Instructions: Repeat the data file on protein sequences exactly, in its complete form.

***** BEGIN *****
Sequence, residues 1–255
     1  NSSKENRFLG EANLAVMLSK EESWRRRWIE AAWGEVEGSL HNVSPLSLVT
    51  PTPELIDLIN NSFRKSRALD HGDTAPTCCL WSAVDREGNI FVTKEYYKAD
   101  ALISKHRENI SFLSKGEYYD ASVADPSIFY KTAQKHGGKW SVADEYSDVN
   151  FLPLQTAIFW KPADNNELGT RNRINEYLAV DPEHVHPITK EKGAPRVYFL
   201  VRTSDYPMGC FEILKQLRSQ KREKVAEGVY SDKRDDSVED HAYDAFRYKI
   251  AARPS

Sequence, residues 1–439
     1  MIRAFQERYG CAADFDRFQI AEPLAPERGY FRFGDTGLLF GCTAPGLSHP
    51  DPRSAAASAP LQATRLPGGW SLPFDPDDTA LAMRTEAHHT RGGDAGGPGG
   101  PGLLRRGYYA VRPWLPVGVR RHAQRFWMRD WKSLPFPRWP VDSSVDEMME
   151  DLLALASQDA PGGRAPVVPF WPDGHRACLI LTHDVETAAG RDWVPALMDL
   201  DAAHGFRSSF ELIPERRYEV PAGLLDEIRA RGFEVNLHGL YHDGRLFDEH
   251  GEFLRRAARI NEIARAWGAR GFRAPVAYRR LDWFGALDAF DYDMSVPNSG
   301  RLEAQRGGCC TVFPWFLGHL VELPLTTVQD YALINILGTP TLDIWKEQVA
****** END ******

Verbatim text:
Sequence, residues 1–255
     1  NSSKENRFLG EANLAVMLSK EESWRRRWIE AAWGEVEGSL HNVSPLSLVT
    51  PTPELIDLIN NSFRKSRALD HGDTAPTCCL WSAVDREGNI FVTKEYYKAD
   101  ALISKHRENI SFLSKGEYYD ASVADPSIFY KTAQKHGGKW SVADEYSDVN
   151  FLPLQTAIFW KPADNNELGT RNRINEYLAV DPEHVHPITK EKGAPRVYFL
   201  VRTSDYPMGC FEILKQLRSQ KREKVAEGVY SDKRDDSVED HAYDAFRYKI
   251  AARPS

Sequence, residues 1–439
     1  MIRAFQERYG CAADFDRFQI AEPLAPERGY FRFGDTGLLF GCTAPGLSHP
    51  DPRSAAASAP LQATRLPGGW SLPFDPDDTA LAMRTEAHHT RGGDAGGPGG
   101  PGLLRRGYYA VRPWLPVGVR RHAQRFWMRD WKSLPFPRWP VDSSVDEMME
   151  DLLALASQDA PGGRAPVVPF WPDGHRACLI LTHDVETAAG RDWVPALMDL
   201  DAAHGFRSSF ELIPERRYEV PAGLLDEIRA RGFEVNLHGL YHDGRLFDEH
   251  GEFLRRAARI NEIARAWGAR GFRAPVAYRR LDWFGALDAF DYDMSVPNSG
   301  RLEAQRGGCC TVFPWFLGHL VELPLTTVQD YALINILGTP TLDIWKEQVA